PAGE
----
20461Re: [Hammock Camping] MacGyver report
- May 1, 2010Oh, wow. I have no idea where I could see a Hennessy hammock..... I'm a jillion miles from any outfitter at all, let alone one that sells Hennessy's. That's one of the problems I'm up against... I don't know how it was originally supposed to go.
Actually I looked at the how-to videos on their website and they do refer to elastic guy lines on the tarp. I think I'll replace them. The previous owner also sent me a caternary hexagonal rainfly he had made, and I've looked at the website to see how those are set up. I'm going out now to try that. I put my own guylines on it and they're not elastic.
I re-did the way the webbing was attached, just changed some of the hooks and rings. I feel pressure to get this worked out since I'm leaving a week from Monday to go hiking for a week. Oh, well, it's the AT... if I can't figure out the hammock, I'll sleep in the shelters. Maybe someone on the Trail can help me with the hammock. Except I think a lot of the thru-hikers will be taking a vacation to go down to Trail Days in Damascus during that week. Oh, well.
OK, here I go out back to the woods again.....
Thanks so much for the help and interest, Cara Lin and everyone!
From: Cara Lin Bridgman <shokulan@...>
Sent: Sat, May 1, 2010 2:43:44 AM
Subject: Re: [Hammock Camping] MacGyver report
You need to get a good look at a Hennessey Hammock straight from the
factory. Your's sounds as though the previous owner got some of the
strings mixed up when tinkering with it.
I have a Backpacker A-sym. Its stock tarp came with four black nylon
cords that ought to be suitable for converting to whoopie slings (i.e.
no core). The elastic tie-outs are not for the tarp; they are for the
hammock itself, to hold it open when you're inside and to reduce swing.
I usually do not use side tie-outs with my hammock.
By the way, I'd say there is a really good reason for making the
ridgeline out of something weaker than the cordage used in the rest of
the system. This way, it is only the ridgeline that breaks when you
overload the system. An adjustable ridgeline is good, since it will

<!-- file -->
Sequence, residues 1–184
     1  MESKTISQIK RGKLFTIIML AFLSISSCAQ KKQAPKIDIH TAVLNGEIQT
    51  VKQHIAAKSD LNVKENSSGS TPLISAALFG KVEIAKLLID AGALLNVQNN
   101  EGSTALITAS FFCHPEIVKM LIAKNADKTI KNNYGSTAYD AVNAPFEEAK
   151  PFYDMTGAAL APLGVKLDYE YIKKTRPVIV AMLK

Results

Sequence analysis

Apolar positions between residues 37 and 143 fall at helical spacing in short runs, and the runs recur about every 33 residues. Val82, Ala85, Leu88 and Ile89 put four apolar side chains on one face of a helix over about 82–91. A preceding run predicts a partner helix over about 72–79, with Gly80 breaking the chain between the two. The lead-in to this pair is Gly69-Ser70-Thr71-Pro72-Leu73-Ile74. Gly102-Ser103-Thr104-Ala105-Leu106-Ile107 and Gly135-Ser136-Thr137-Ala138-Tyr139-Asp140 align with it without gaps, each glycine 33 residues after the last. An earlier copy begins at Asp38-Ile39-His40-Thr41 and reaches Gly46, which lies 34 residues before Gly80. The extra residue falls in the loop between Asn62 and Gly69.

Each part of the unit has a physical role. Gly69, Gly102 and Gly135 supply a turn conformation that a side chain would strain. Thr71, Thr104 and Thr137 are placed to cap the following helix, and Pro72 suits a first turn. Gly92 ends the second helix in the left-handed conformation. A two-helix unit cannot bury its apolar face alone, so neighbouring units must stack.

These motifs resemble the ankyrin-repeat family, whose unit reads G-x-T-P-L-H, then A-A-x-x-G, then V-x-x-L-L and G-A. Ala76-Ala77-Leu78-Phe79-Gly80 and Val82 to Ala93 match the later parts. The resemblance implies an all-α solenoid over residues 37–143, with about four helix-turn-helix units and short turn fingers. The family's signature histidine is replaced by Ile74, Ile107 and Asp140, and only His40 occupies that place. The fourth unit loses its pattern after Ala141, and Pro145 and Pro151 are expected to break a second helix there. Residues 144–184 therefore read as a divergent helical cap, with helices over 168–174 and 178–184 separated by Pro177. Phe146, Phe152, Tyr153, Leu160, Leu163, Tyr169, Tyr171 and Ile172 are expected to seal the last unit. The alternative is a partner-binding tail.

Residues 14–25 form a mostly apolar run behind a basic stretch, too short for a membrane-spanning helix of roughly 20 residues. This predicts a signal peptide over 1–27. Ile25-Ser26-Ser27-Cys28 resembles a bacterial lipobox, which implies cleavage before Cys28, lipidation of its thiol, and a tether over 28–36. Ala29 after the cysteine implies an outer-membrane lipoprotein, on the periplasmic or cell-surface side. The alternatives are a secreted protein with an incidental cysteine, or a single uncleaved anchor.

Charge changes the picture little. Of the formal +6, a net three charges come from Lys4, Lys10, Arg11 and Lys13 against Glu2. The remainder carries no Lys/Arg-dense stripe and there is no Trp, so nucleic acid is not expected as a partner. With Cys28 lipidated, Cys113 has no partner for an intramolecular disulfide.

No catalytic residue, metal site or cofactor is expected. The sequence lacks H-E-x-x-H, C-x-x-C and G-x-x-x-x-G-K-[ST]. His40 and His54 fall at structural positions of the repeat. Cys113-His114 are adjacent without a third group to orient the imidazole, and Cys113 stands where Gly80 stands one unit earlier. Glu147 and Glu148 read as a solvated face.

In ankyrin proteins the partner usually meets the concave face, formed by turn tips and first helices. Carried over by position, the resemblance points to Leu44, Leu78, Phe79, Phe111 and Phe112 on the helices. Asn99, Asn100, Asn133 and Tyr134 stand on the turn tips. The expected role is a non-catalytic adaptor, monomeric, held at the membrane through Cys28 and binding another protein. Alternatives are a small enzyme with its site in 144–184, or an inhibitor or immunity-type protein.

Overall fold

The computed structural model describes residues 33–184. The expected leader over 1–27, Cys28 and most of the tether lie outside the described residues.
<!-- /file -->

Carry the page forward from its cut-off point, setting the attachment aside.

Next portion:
help you find the sweet spot for you.
For where I hike, I need longer tree-huggers. I discovered the hard way
(hard for the tree, that is), that you absolutely to not want the
Hennessey spectra (or any other narrow-width rope) to come in contact
with the tree. Some of the trees I hang from have a DBH (diameter at
1.4 meter from the ground) of almost 2 m! Since many of the trees have
spongy bark, I also need something wider. I followed the advise of
someone on this forum (sorry, I've forgotten who) and bought 5-6 meters
of cheap 1-inch wide webbing, tying it into a big loop with a waterknot.
I loop this around the tree and tie the hammock to the ends. This
way, there are at least two lengths of strap around the tree--even if
the tree is big. This also reduces wear on the webbing, because the
rope attachment points vary with each hang. If I ever need to hang from
a really big tree (one that requires 6 people to hug), then I can untie
that knot and put knots on each end. If necessary, the webbing can
serve double-duty for crossing the sticky bits of landslide so
frequently encountered on Taiwan's trails.
> One thing I don't think I like is the elastic tie-out cords forthe fly. If I string them tight enough to hold the fly tight they're
so tight I'm afraid they'll break. What's the advantage of elastic
cords over non-elastic?
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